Bottom Line

Bottom Line
© Greg Nash

• PETS. The lobbying firm Federal Advocates Inc. signed a slew of new clients recently, including two having to do with federal issues involving animals: The Pet Industry Joint Advisory Council (PIJAC) and Petland. PIJAC hired the firm to work with policymakers on issues “related to pet ownership, including protecting the right to own a pet.” On the group’s website, it lists this as one of its top issues — targeting “pet sale bans and limits on the types of pets people may own” — because they “can cripple legitimate businesses and foster an underground, unregulated market for pets.” The pet store franchisor Petland, meanwhile, hired the firm to work on the farm bill, according to forms. One amendment to the farm bill, from Rep. Steve KingSteven (Steve) Arnold KingWarren calls out GOP congressman for 'white supremacist propaganda,' encourages donations to his opponent GOP lawmaker accuses black students of supporting 'George Wallace's segregation' The stakes are sky-high for the pro-life cause in the upcoming midterms MORE (R-Iowa), would curtail a state’s ability to set animal welfare standards. Critics worry the measure would undo anti-puppy mill laws, among others, already on the books. Petland has faced accusations in the last decade that it knowingly sells unhealthy dogs or dogs sourced from puppy mills, though it has long denied the claims. A class-action racketeering lawsuit against Petland with these accusations was dismissed earlier this year.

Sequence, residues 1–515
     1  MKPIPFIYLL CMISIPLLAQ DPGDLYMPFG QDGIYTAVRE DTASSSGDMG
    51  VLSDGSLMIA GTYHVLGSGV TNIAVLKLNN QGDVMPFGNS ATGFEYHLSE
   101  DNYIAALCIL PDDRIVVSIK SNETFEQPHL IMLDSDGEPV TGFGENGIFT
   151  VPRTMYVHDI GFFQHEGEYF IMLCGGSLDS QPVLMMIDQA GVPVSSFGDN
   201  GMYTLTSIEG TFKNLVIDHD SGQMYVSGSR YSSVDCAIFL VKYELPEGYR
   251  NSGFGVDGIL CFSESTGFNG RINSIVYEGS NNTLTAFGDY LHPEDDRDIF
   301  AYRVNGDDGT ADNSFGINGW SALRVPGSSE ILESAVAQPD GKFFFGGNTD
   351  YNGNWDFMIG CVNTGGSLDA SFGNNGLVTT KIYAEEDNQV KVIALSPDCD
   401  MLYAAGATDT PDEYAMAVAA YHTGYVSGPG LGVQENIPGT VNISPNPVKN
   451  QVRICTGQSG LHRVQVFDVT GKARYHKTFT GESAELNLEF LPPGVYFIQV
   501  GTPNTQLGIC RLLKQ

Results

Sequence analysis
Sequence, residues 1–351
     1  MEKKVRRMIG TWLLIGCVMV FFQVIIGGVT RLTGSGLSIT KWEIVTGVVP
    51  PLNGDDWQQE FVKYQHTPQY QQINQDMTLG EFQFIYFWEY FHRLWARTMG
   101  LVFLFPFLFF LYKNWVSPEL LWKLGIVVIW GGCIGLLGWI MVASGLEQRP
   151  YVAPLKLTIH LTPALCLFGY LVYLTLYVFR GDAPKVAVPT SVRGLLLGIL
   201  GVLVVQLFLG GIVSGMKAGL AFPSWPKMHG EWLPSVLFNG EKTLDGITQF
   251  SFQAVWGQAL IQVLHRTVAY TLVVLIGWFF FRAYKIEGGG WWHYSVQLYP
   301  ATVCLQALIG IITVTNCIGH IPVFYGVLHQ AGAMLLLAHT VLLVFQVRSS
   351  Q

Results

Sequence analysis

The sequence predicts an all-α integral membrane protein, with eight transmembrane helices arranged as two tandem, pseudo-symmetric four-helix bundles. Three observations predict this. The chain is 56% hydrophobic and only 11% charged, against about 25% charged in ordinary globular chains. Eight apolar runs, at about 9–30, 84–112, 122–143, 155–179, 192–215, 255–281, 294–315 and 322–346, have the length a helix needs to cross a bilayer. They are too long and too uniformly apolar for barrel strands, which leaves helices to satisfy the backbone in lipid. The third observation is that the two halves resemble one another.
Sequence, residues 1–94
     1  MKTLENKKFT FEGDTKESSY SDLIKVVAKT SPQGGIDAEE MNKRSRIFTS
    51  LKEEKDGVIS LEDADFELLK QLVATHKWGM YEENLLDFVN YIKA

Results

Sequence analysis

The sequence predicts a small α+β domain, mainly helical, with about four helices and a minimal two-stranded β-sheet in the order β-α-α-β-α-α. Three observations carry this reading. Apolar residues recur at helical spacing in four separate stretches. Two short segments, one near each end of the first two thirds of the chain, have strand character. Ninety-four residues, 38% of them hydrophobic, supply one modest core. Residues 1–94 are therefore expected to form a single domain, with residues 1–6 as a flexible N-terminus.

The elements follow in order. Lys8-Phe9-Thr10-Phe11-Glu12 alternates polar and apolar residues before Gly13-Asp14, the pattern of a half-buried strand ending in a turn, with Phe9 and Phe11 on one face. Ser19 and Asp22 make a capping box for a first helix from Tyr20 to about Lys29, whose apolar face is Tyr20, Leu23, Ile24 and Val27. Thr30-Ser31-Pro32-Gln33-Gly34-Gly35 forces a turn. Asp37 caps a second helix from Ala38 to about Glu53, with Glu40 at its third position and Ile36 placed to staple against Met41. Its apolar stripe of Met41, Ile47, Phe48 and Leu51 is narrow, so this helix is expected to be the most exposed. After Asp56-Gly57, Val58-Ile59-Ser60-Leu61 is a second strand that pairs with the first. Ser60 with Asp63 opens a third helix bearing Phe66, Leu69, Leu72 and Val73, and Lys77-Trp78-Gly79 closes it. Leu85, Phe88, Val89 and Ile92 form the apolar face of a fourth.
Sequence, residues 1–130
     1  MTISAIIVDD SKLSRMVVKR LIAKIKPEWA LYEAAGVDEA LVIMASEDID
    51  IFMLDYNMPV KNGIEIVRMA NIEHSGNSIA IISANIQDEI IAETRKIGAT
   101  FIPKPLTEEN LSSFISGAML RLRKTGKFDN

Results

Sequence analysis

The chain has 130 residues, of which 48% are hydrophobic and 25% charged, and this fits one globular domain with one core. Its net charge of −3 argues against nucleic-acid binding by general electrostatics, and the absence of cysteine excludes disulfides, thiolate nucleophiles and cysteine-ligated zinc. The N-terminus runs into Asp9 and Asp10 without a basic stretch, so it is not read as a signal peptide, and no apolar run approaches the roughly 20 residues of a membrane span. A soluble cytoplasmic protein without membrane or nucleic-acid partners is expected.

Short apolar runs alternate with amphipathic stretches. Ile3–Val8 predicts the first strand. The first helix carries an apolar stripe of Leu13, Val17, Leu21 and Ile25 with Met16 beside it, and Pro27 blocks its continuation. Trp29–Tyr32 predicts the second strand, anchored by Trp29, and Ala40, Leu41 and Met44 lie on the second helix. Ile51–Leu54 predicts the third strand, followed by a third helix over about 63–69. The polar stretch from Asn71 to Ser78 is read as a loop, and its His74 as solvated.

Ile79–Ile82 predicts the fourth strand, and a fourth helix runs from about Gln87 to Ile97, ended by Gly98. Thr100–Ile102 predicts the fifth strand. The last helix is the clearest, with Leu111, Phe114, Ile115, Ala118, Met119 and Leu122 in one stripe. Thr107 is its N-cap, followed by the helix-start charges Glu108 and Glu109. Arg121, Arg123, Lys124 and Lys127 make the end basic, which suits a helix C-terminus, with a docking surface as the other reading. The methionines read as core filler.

• GUNS. Outdoor retailer Dick’s Sporting Goods hired the lobbying and public relations firm Glover Park Group to advocate on gun control issues, according to disclosure forms that offer no more specificity. Following the deadly school shooting in Parkland, Fla., in February, the retailer pulled all assault-style weapons and high-capacity magazines from its shelves and later said it would be destroying them. Along with Walmart, Dick’s Sporting Goods has also said it will only sell long guns to consumers 21 years and older, rather than the legal age of 18.

• DRUGS. Veterans Cannabis Project also hired Federal Advocates in recent weeks. It is having the firm work with both Capitol Hill and the executive branch to encourage the use of “medical marijuana to treat veterans’ combat and non-combat related healthcare issues.” Nick Etten, a former Navy SEAL, heads up the project. He has been making the case for years to not only legalize the drug, but to encourage its use as part of veteran health-care services.